“Whether they like mild or spicy or medium hot we have dishes that will suit, but they are flavoured a different way to the norm. For example, we don’t have chicken korma on the menu, but we do have a dish called White Chicken Curry which is a traditional Indian dish.”

The drinks menu has not been neglected either. While gin – paired with complementary mixers – and beer are on offer, wine is the drink of choice to go alongside your meal. Although you may not find familiar names from the retail racks in their cellar, the knowledgeable front of house team can always make a recommendation from the extensive list.

“When customers order wine before their food the staff ask what dishes they will be eating – whether it’s seafood, lamb or chicken – because we have different wines to complement them,” Rushan tells us. “My staff, once we have the menu from the chef, go through tasting sessions so we can pair the dishes with the wine. Some of our lamb dishes, for example, go really well with a full-bodied red.”

If you’re visiting Shugborough or the Chase this autumn and winter, you could do much worse than stop by The Viceroy to sample their delicious fusion of English ingredients and Indian spices. The brothers are not short on recommendations from the menu.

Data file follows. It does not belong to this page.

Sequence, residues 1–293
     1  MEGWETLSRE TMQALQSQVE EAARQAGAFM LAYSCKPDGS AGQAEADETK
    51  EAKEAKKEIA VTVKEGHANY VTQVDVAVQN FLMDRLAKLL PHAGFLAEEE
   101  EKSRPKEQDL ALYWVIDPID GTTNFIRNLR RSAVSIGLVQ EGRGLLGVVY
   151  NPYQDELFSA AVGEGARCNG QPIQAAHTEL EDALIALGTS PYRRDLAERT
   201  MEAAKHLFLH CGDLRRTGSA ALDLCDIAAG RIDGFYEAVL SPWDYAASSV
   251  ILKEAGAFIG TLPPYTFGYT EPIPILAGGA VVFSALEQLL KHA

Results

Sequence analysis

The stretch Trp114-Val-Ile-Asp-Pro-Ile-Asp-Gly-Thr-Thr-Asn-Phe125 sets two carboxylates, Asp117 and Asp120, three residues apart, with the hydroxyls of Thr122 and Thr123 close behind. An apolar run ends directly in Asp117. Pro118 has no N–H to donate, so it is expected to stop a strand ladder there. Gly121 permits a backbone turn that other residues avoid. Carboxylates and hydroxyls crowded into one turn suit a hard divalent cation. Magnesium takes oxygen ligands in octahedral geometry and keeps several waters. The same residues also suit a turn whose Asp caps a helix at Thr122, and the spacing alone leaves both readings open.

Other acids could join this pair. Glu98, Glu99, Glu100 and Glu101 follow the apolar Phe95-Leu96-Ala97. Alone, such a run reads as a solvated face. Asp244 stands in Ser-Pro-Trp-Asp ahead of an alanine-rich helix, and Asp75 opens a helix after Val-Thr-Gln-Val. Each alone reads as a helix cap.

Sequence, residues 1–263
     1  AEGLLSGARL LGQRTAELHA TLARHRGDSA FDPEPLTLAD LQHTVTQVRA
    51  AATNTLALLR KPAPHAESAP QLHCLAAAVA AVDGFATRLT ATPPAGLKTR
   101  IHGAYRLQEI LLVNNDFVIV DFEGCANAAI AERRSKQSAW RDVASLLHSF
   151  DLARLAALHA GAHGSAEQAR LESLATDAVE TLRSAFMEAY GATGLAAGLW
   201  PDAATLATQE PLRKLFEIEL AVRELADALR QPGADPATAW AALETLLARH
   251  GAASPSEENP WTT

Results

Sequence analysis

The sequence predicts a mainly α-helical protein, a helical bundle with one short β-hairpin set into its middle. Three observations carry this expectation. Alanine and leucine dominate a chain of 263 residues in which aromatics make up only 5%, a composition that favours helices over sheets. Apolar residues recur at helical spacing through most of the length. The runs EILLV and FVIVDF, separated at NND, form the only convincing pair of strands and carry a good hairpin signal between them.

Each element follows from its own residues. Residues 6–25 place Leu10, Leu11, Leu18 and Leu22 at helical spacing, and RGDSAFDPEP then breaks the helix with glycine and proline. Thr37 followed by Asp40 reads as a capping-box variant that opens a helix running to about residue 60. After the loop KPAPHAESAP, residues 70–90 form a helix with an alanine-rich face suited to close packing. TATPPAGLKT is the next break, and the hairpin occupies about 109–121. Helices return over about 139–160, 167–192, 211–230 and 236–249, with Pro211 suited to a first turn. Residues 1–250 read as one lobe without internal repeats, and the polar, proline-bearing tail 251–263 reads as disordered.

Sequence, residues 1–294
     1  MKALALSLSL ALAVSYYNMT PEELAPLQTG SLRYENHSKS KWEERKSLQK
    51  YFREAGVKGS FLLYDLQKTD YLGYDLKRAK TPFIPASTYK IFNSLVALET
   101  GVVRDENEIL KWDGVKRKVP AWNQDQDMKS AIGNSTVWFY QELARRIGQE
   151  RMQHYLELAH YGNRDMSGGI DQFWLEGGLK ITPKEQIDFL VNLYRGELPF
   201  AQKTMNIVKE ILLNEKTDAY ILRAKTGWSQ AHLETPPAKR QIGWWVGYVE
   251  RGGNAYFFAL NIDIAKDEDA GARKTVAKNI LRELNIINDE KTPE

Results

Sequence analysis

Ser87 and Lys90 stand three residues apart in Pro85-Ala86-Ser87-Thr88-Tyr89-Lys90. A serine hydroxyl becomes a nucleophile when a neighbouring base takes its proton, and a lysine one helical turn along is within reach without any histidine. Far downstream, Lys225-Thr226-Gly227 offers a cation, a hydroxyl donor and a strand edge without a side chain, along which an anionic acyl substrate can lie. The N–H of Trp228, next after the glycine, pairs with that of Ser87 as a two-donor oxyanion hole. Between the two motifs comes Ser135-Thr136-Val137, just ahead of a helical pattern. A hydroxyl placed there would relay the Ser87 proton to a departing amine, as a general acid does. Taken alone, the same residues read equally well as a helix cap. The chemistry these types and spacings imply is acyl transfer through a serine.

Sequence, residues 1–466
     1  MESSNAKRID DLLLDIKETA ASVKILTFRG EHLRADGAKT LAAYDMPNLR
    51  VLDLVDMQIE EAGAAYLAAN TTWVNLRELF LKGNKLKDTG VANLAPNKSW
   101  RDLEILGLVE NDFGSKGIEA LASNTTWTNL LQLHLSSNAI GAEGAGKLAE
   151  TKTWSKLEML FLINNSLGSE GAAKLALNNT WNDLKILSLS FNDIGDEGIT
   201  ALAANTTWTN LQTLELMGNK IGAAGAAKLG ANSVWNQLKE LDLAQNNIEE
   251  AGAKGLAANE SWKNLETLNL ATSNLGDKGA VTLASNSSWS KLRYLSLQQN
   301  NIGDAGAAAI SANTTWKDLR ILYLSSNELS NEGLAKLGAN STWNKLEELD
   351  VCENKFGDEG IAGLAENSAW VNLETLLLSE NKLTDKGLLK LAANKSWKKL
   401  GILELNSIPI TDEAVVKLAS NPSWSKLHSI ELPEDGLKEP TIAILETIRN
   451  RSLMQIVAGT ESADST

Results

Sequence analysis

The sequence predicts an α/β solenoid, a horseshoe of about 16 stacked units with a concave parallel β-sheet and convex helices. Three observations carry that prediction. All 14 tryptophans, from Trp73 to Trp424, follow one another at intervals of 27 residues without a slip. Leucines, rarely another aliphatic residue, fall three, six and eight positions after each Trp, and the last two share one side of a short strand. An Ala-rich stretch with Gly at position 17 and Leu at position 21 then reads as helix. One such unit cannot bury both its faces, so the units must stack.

“I was really excited when the chef was drafting the menu about the kekda avocado starter,” confesses Rushan. “It’s soft shell crab with avocado panna cotta. They go together so well, with just a drizzle of passionfruit chutney. In years I wouldn’t have thought of having that in an Indian restaurant. I’m not a very big fan of seafood, but again when the chef was thinking of putting halibut on the menu with a coriander and mint chutney I tried it and really enjoyed it.”

The addition of saffron to the rice, which is not common practice due to the expense, produces a special flavour to complement the various dishes, but often the rice will be tailored to complement a specific main. For example, the halibut is best accompanied by a lemon chilli rice, because lemon goes so well with fish.

“At the moment my favourite dish is our Goan lobster, with fresh coconut, red chilli, coriander and black peppercorns,” Ain reveals. “We’re running out of it because it’s selling so well. And I love cooking the Kali Mirch, a chicken dish in a spicy sauce with dried chilli. It’s one of my favourites to eat because it’s on the spicier side and it’s contemporary.”

Plans for the immediate future include an extension with 16 VIP seats, along the lines of a chef’s table experience. There will be an exclusive tasting menu and a butler service available in this private dining space. Customer satisfaction is always the number one priority, and the long term goal is to be the best Indian restaurant in Staffordshire.

“We’re hoping to win some awards along the way, but our main goal is to satisfy all of our regular and new customers by  making sure our staff are happy and our food is the best.”

If you would like to sample Ain’s dishes for yourself, Viceroy is open 5:30pm until 11:00pm, seven days a week.

Viceroy Indian Restaurant
8 Brocton Road, Milford, ST17 0UH
www.viceroyrestaurant.co.uk

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Louisa Ellis starts a new chapter

At the age of just 22, Louisa Ellis impressed the nation when she reached the finals of MasterChef UK in 2017. Sauce caught up with Louisa for the Autumn/Winter 2018…